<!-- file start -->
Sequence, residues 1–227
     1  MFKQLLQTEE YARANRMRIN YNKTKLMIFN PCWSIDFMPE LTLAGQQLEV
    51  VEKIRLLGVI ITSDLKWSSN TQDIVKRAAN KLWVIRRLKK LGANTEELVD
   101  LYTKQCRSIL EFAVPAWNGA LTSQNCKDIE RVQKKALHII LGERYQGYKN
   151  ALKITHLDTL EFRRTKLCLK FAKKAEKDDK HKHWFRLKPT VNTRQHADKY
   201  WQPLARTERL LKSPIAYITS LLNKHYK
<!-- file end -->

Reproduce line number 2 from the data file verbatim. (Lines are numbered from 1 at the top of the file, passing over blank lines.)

     1  MFKQLLQTEE YARANRMRIN YNKTKLMIFN PCWSIDFMPE LTLAGQQLEV